Beijing Says US Military Presence in South China Sea ’Not Good for Peace’
Story Code : 912409
The strategic South China Sea, through which trillions of dollars in trade flows each year, has long been a focus of contention between Beijing and Washington, with China particularly angered by the US military activity there.
The US only sent the USS Theodore Roosevelt-led carrier group there in the first place in response to heightened recent Chinese military activity - both on the seas and in the air - to the disputed area. The US military said it had taken the action to promote "freedom of the seas."
On Saturday, Taiwan's Defense Ministry warned that up to 15 Chinese aircraft - eight bombers and four jet fighters invaded into its air defense exclusion zone, in a repeat pattern that saw Beijing's air force make 380 similar incursions during 2020.
“The United States frequently sends aircraft and vessels into the South China Sea to flex its muscles,” the foreign ministry spokesman, Zhao Lijian, told reporters, responding to the US mission.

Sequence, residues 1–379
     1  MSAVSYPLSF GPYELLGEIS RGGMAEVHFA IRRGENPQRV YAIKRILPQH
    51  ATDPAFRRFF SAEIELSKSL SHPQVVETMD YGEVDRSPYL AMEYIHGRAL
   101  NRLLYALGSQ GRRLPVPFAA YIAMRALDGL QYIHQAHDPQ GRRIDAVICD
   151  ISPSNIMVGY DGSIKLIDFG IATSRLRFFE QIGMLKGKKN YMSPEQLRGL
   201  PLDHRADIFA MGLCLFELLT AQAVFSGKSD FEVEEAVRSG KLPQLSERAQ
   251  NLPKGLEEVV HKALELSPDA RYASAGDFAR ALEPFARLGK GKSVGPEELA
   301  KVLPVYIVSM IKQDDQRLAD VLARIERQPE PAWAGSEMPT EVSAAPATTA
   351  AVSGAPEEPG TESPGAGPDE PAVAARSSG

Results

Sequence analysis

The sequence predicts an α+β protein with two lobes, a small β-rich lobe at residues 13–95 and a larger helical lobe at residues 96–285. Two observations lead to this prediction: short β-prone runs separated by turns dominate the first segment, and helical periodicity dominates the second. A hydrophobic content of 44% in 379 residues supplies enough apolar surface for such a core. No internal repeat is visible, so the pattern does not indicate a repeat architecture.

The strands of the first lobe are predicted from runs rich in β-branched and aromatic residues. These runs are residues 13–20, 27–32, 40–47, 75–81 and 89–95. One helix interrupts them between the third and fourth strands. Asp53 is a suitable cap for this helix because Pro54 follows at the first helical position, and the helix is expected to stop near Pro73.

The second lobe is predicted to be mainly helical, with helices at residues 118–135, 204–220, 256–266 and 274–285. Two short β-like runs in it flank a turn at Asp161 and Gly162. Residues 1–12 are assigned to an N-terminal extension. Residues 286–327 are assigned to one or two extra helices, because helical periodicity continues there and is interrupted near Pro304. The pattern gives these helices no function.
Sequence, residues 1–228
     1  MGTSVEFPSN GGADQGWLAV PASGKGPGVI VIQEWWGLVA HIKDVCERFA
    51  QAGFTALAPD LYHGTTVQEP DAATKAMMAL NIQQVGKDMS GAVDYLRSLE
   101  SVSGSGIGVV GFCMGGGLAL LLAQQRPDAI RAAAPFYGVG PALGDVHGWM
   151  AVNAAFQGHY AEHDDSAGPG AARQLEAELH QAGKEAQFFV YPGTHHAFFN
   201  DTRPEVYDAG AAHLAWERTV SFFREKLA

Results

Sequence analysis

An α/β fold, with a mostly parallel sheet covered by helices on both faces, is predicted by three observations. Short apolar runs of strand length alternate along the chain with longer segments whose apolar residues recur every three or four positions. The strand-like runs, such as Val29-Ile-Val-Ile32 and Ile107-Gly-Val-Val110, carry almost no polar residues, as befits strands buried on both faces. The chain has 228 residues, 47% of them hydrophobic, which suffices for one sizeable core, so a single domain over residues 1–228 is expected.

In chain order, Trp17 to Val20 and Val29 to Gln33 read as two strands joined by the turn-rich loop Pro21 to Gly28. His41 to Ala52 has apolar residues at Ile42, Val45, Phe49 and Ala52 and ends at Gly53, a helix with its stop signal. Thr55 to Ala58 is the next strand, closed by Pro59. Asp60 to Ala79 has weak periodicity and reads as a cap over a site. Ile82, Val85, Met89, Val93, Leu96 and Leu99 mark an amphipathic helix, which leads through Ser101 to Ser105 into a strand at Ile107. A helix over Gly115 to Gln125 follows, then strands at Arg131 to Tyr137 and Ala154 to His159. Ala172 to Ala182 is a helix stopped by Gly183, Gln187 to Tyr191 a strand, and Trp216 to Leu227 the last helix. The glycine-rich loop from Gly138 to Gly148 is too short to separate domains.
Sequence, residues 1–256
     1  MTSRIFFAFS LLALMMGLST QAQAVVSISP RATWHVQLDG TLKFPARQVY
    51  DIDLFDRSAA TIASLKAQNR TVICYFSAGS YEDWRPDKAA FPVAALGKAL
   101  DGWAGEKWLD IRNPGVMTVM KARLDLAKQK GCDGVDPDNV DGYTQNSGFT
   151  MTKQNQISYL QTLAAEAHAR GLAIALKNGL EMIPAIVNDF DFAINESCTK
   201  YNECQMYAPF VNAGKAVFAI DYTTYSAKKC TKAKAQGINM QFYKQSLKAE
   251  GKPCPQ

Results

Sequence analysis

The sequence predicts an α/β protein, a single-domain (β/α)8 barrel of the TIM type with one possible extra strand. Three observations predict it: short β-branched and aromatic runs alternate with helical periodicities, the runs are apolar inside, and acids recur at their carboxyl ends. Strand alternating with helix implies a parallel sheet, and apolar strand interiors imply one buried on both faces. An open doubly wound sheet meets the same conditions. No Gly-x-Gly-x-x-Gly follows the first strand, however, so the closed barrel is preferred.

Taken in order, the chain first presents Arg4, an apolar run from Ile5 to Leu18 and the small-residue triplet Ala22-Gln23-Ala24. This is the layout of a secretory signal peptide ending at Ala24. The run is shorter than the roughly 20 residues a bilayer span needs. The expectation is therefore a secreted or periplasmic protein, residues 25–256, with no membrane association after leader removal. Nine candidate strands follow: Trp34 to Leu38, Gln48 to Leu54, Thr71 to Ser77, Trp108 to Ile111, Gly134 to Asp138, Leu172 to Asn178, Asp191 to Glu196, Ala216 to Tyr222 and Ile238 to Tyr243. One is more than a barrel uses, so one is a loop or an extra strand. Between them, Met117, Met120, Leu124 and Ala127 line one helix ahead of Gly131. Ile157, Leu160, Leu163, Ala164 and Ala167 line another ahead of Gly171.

“This is not conducive to peace and stability in the region.”
China has repeatedly complained about US Navy ships getting close to islands it occupies in the South China Sea, where Vietnam, Malaysia, the Philippines, Brunei and Taiwan all have competing claims.
Zhao reiterated China’s position that Taiwan is an inalienable part of China and that the United States should abide by the “one China” principle.
Taiwan President Tsai Ing-wen visited a radar base in the north of the island on Monday, and praised its ability to track Chinese forces, her office said.